Researchers point out that while it’s easy to bullshit your way through any domain of scientific research, bullshit research is essentially also a study of the impact of misinformation. 

“It’s part of the broader research area committed to examining the effects of misinformation,” said Litrell. “‘Bullshit’ is a fun word that attracts attention, I guess, because people feel that they’re getting away with using naughty language but ‘it’s OK because it’s science.’ But this growing area of research has uncovered some incredibly important insights into the mechanisms and processes for why or how people fall for or are otherwise persuaded by fake news, misinformation online, conspiracy theories, marketing scams, and even political propaganda.”

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Littrell breaks down patterns of bullshitting into a) persuasive bullshit, which is motivated by a desire to impress, persuade, or fit in with others by exaggerating the truth about one's knowledge and ideas, and b) evasive bullshit, which is using vague statements to respond to situations where frank answers might result in undesirable social costs. 

“Anyone can fall for bullshit if that bullshit appeals to certain biases they have in a way that overrides their ability to engage more critically with that information,” he explained. “This is clear in the way Americans on both sides of the political aisle can often be easily duped by misleading information that is presented in a way that appeals to their strongly-held political beliefs or biases.”

Littrell uses the example of spiritual guru Deepak Chopra to hypothesise that bullshitting can lead to huge profits and recognition. “Chopra has made millions of dollars from books and giving talks about ‘consciousness’ in which he liberally peppers his absurd claims with New Age-type buzzwords and jargon about quantum physics, in a way that makes what he’s saying sound more impressive to some people, even though what he’s saying is often meaningless gibberish.”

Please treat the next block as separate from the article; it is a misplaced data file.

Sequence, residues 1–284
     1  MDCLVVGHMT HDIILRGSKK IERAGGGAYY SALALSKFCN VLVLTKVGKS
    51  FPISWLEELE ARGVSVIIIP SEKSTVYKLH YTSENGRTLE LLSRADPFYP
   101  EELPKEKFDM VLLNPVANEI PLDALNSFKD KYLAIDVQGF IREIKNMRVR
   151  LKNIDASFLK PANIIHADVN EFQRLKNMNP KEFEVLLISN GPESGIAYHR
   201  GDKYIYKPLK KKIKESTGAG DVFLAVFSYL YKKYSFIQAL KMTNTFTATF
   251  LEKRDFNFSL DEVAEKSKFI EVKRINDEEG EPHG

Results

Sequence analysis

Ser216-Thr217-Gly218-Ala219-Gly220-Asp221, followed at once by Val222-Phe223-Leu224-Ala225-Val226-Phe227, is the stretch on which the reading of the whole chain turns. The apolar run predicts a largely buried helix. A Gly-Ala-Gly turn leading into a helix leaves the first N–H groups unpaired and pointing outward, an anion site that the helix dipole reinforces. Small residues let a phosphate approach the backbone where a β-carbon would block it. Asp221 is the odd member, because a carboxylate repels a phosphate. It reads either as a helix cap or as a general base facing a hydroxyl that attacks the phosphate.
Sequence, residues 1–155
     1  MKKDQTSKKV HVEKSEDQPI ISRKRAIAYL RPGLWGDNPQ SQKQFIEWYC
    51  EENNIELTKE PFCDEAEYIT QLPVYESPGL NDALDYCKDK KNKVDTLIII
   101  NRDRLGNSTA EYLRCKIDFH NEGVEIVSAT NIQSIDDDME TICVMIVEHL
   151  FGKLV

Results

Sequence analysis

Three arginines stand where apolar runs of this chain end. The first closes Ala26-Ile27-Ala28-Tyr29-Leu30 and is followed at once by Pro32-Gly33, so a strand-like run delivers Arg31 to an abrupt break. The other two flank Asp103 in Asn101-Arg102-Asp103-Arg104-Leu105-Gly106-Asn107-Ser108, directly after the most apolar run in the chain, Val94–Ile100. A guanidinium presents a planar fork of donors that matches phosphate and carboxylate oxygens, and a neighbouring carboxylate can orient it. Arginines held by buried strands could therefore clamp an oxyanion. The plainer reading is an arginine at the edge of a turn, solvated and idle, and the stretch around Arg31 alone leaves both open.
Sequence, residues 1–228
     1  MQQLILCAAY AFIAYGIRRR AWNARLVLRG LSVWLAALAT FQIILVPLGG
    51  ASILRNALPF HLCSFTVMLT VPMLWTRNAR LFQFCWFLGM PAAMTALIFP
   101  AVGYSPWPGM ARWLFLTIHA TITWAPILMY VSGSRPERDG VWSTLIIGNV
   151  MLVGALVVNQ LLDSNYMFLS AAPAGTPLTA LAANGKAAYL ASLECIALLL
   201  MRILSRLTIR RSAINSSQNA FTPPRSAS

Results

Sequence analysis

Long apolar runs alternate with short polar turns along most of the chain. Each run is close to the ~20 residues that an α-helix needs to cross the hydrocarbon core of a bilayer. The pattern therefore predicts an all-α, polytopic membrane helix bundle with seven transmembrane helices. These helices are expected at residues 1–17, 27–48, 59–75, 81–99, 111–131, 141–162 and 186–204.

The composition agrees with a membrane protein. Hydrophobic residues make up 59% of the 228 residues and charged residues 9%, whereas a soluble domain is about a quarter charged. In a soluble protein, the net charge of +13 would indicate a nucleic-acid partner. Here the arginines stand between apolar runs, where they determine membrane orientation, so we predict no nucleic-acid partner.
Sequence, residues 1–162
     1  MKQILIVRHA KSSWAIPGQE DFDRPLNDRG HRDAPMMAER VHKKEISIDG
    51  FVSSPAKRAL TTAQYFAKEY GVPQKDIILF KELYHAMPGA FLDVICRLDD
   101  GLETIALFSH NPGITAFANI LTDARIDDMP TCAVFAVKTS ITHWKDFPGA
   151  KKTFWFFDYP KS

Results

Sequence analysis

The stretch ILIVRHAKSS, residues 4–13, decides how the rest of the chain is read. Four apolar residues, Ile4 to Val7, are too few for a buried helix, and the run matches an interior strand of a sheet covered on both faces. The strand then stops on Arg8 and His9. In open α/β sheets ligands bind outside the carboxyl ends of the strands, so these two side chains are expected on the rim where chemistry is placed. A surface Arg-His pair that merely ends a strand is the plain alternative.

Other scientists too have criticised the “New Age guru” who advocates for alternative medicine, for making outlandish claims they feel are unscientific. Several of his tweets were used in Pennycook’s study to create a bullshit detector. Someone even made a “Deepak Chopra quote generator” to string together sentences from randomly arranged “profound sounding words.”

But is there a formulaic approach to bullshitting? Can it become a literal cheat code for life? 

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“Bullshitters tend to use doublespeak, which is a linguistic trick that manipulates people’s emotional perceptions,” said Turpin. “Like calling a slaughterhouse a meat processing plant to make it sound less harmful.” 

This ability can be largely intuitive, and could be a gift of the gab that is easier for an extroverted person to hone. “You use impressive, flowery language, like instead of saying ‘potential,’ you say ‘potentiality’ so it sounds larger than life.”

The use of elevated pseudo-profound language is one prerequisite to bullshit like a pro. And if there’s one thing we’ve learnt from VICE’s very own Oobah Butler, who not only made a non-existent restaurant the top rated one on TripAdvisor but also faked his way to the top of Paris Fashion Week, it’s that confidence is key. 

“You have to be confident to be convincing,” said Kara-Yakoubian. “Your goal should be to impress by using cliche buzzwords like ‘consciousness,’ ‘actuality,’ ‘space and time,’ and throwing them together with no concern for the truth.”

Good grammar is essential in the art of bullshitting, said Kara-Yakoubian. “You have to abide by proper syntax so it sounds reasonable as a statement.”

Persuasive bullshit functions like the “guru effect,” which is when people assume something must be important if it’s difficult to understand, Turpin noted. 

“The world is full of bullshit, and the ways in which it is delivered is constantly evolving, and the speed with which it reaches people increases each year as social media use grows,” said Littrell. “So, people in my field have a lot of work ahead of us to help curb bullshit’s spread and provide people with the tools to fight back against it.”